SCL stands for Star Custom Line and Star Motorcycles selected its flagship power cruiser as the first motorcycle to receive the in-house custom treatment. Other manufacturers have had success with comparable programs, as Harley-Davidson has its premier CVO line and Victory uses the skills of the Ness family to customize bikes in-house for them. Star has worked closely with custom bike builder Jeff Palhegyi in the past and the styling of their motorcycles is designed in the US by a company called GKDI, so producing a factory custom in-house is a natural progression for Yamaha’s cruiser division.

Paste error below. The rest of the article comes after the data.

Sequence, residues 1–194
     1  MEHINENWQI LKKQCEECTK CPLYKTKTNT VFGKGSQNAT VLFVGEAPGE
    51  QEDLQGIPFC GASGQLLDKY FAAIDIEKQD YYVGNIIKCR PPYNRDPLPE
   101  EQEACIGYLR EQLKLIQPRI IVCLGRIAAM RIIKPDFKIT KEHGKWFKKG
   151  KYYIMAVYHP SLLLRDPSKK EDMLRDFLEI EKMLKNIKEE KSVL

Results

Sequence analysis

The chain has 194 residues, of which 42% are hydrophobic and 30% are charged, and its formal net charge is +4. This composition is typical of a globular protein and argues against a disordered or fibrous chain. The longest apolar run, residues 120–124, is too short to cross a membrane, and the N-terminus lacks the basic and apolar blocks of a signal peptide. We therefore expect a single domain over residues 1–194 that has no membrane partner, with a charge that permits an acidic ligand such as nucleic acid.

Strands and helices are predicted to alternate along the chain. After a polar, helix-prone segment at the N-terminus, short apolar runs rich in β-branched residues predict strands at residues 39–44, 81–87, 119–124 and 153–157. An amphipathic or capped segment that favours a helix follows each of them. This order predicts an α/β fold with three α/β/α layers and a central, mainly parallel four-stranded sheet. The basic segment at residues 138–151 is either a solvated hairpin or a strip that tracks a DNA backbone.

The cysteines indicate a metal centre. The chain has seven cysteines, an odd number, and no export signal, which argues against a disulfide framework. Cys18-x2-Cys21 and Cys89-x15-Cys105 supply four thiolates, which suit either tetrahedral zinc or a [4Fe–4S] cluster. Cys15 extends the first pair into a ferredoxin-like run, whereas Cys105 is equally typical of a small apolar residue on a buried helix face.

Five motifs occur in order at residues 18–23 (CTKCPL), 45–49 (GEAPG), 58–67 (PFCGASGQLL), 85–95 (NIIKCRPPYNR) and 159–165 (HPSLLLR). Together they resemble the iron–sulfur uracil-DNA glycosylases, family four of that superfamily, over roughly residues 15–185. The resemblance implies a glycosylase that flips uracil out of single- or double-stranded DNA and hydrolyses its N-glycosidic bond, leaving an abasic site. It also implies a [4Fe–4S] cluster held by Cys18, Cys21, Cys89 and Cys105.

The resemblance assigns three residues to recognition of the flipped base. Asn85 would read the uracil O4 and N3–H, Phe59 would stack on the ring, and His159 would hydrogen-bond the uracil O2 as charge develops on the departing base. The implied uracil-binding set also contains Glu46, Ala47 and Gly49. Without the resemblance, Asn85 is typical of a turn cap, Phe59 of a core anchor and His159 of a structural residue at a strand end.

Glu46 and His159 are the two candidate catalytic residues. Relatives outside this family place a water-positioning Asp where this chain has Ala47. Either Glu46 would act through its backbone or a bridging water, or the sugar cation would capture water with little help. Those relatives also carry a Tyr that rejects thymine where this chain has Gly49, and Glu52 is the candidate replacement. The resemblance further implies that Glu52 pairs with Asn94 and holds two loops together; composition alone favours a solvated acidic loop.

So what sets the SCL apart from the standard Raider? It starts with the slick paint we’ve already mentioned, an eye-catching orange with metal flake along with the gold flake treatment in the trim of the tank. New script for the Star logo and clean pinstripes accentuate the transformation. A special aluminum tank badge stamped with the number of the bike sits in an opening on the tank console. Exclusivity is one of the selling points Star emphasized during presentation of the Raider SCL because only 500 are being made. Star updated the cables and lines on the front end, replacing the stock units with braided stainless steel throttle cables, clutch and brake lines. They also teamed up with Performance Machine to design new custom 5-spoke wheels which come with a matching chrome pulley. The belt guard gets upgraded with the chrome treatment, too. The SCL version gets a really sharp looking brown leather seat that complements the color scheme perfectly and an SCL logo has been embossed on the pillion. Shaped similarly to the stock seat, it didn’t change the bike’s ergonomics at all as it’s still a good stretch to the forward-mounted pegs and the seat height still situates riders down in the bike at 27.4 inches, making it almost a straight reach for the pullback bars. A small pillion pad and an extra set of pegs means you can bring a passenger along for the ride and the bike’s got more than enough power to accommodate the extra weight.